Computers Stink

PC Owners Are Mad As Hell, and Columnist Reid Goldsborough Is No Exception

by / August 31, 1997
Computers Stink.

That's the name of a book that crossed my desk a couple of weeks ago. The title made me laugh, but as I read through the book, I found myself nodding in agreement with the author, Jack Bellis. Computers really do stink.

Who among us hasn't felt frustrated at the complexity of today's personal computers? They're too difficult to learn and use, they lock up and break down too often, and they and cost too much.

Sure, PCs and Macs provide us with enormous capabilities. But trying to tap into this richness can leave you sitting on the floor with big clumps of hair in your hands that you've yanked from your head.

Clean Up Your Act

Home PC market leader Packard Bell has been having problems making quality machines and in supporting them effectively, a situation that's come to light through a number of surveys in various computer magazines. Although it has the worst quality and service record of the major manufacturers, the industry as a whole needs to clean up its act.

According to the surveys, more than half of personal computer owners have experienced at least one problem with their machine, while 15 percent of all PCs needed service within the previous six months. Astonishingly, 12 percent of new PCs are received "dead on arrival."

PC makers typically explain that they've been growing very quickly and are going to double their efforts to address quality and service concerns. "We're doing everything possible to improve," they say, year after year.

But instead of improving, in some respects, things are getting worse. It now takes tech support an average of eight days to solve a problem for you, up from five and a half days a year ago, according to a survey by Home PC magazine.

Pain In The Motherboard

PCs can also be maddeningly difficult to upgrade. I've personally been trying to add more memory to my Micron Pentium 166 for the past two weeks, without success.

I've gone straight by the book. I made sure my computer's motherboard could support the extra RAM (random access memory). I bought the new RAM from a highly recommended and reputable mail-order outfit that specializes in memory (and offers it at great prices -- the Chip Merchant.)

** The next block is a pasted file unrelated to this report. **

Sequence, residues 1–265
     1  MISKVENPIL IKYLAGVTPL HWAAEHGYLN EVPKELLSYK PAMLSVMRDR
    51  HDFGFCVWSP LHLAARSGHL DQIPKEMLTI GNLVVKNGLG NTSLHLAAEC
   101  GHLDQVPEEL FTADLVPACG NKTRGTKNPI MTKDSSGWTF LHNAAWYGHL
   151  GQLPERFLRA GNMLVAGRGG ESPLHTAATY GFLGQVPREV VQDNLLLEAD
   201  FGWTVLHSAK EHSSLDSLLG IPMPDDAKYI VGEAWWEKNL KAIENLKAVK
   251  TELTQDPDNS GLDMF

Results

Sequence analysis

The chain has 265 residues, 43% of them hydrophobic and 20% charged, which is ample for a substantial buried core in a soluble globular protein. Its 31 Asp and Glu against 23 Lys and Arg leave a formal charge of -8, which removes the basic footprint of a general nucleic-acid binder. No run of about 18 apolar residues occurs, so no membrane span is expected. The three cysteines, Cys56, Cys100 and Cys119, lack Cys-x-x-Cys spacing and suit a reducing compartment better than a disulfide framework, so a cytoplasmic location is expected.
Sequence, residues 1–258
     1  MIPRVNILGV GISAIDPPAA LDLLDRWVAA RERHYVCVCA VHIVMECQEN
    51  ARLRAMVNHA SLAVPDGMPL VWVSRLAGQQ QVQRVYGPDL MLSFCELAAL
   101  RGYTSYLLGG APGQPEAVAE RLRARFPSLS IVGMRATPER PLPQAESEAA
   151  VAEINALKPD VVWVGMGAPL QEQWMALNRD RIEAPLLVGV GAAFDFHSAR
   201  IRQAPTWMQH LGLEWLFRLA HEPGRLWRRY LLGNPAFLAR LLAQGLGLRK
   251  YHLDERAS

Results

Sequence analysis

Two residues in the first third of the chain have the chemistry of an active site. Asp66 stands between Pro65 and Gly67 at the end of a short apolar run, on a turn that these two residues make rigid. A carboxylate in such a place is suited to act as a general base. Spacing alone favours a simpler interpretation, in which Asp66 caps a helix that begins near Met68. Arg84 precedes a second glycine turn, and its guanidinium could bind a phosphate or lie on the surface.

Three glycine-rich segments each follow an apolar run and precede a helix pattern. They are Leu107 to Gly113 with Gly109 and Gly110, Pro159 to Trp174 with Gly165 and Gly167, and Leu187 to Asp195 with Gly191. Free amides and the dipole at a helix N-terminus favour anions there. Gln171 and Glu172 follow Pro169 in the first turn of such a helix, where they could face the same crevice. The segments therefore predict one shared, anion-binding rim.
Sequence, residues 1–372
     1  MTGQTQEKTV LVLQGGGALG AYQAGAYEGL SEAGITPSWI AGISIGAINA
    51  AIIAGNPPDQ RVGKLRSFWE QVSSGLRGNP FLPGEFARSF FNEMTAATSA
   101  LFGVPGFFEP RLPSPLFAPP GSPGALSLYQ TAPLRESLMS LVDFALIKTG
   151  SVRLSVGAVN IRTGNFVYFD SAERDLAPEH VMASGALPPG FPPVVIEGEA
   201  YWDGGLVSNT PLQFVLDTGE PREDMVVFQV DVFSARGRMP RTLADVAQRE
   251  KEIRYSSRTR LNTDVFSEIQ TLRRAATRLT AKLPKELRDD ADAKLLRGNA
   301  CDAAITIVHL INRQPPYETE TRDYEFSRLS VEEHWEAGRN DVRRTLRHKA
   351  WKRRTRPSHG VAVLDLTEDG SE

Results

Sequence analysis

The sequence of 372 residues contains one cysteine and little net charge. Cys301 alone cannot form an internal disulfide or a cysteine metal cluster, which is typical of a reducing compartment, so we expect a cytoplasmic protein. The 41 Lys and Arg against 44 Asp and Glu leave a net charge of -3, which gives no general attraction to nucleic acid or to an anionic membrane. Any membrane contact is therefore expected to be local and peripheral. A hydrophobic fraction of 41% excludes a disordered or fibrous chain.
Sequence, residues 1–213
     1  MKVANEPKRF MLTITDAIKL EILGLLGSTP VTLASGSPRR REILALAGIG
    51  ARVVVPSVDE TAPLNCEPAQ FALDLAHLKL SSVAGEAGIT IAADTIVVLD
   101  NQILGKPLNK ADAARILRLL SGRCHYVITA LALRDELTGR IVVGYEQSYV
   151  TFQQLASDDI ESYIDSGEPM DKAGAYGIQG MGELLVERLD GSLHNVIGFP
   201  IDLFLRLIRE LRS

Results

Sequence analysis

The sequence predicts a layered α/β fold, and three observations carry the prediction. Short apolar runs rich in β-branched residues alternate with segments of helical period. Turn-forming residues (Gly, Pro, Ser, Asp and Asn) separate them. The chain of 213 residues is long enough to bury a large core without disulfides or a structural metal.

I made sure the new RAM is the same type as my existing RAM. I was careful to avoid damaging the RAM modules with static electricity. I filled the second of two memory banks on my computer's motherboard. All to no avail.

With the extra RAM, every time Windows 95 loads, my system locks up. When I pull out the extra RAM, I have no problems. I tried switching the location of the RAM modules, exchanging the new modules for different ones, and using just the new modules. I made adjustments to Windows 95's virtual memory settings.

I received other, and sometimes conflicting, advice from the Chip Merchant, Micron and fellow computer users. Nothing helped.

Before throwing in the towel, I'll take a stab at other options, such as trying to find RAM from the same manufacturer as my current RAM. But doing something as simple as adding RAM shouldn't take two weeks of troubleshooting.

Many computer users have reported similar difficulties in adding hard drives, exchanging motherboards and increasing their computer's multimedia capacities. The Mac makes upgrading easier, but the Mac operating system, more complex than ever, crashes far more often than it should.

Connecting your computer to the Internet can also lead to a serious case of teeth gnashing.

To sign up with some Internet service providers you have to deal with scantily explained SMTP and NNTP settings. Surfing to slick Web sites can be excruciatingly slow. It's far too easy to get overloaded with irrelevant information when doing a Web search. Getting bombarded with time-sapping junk e-mail is an everyday pain.

Software poses frustrations of its own. Although the popular programs are easier today than in the past, most people are able to master only a small fraction of the available features.

Software is the focus of Computers Stink, Bellis' self-published book, which is available from the Web site or at 800/356-9315. Bellis, who writes software manuals for a living, directs much of the book toward software developers.

He offers some good advice. Most important, he said in a telephone interview, put all of the program's features on the menus at the top of the screen, and make sure that each menu selection is labeled with words that clearly describe its function to those who haven't used it before.

The overall solution, though, is for the computer-buying public to collectively say, "I'm mad as hell and I'm not going to take it anymore," then buy only from vendors who pay adequate attention to ease of use, reliability and service concerns.

In the meantime, whether you're wrestling with your software or your hardware, a number of new sources for solutions have popped up on the Web. Among the more interesting is Experts Exchange, at . You can get one to three questions answered for free a month, depending on their difficulty. After that, it costs from $5 to $20 a question. If you consider yourself a computer expert, you can answer questions posed by others, and maybe earn a few dollars to boot.

Reid Goldsborough is author of the book "Straight Talk About the Information Superhighway." He can be reached at or.

September Table of Contents

Reid Goldsborough Contributing Writer
Reid Goldsborough is a syndicated columnist and author of Straight Talk About the Information Superhighway. He can be reached at or